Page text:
The research team set out to determine if sleeping pills are as harmless as people seem to think.
The study looked at a total of 34,000 people across five years. The team focused on about 10,000 people who used sleeping pills, compared to a control group of 24,000 patients. To increase accuracy, they made sure that both groups shared the same age, gender, health, and lifestyle profiles.
The results clearly showed a much higher incidence of cancer for the people taking the sleeping pills.
Dr. Robert Langer, a co-author of the study, says, "We tried every practical strategy to make these associations go away, thinking that they could be due to use by people with more health problems."
"No matter what we did, the associations held," he says.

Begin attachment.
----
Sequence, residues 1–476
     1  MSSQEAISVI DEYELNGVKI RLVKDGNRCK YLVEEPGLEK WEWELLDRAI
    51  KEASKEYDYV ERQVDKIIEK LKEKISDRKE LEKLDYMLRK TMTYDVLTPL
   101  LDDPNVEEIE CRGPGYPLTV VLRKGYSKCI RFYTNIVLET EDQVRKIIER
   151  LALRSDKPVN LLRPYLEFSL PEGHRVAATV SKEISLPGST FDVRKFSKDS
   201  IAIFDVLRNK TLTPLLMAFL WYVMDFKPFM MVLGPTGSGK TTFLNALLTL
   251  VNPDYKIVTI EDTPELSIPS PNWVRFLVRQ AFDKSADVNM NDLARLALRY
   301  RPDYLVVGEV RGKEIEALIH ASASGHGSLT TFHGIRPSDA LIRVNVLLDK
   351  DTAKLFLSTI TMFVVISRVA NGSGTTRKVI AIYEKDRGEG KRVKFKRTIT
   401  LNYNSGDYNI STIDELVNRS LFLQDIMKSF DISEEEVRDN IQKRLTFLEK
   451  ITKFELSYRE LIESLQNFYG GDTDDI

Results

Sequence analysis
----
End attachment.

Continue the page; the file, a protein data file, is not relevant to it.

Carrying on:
In fact, the rates of cancer were 35 percent higher for the people who took sleeping pills, compared to those who didn't.
The study showed that all of the eight most common sleeping pills increased cancer rates, including the popular drugs, Ambien and Lunesta.
The results were published in the prestigious British Medical Journal.
So why would sleeping pills cause cancer?
No one really knows yet, because the research is so new. But Dr. Kripke does have a theory - "These drugs break certain chromosomes, which is a well-known specific chemical mechanism by which drugs cause cancer," he says.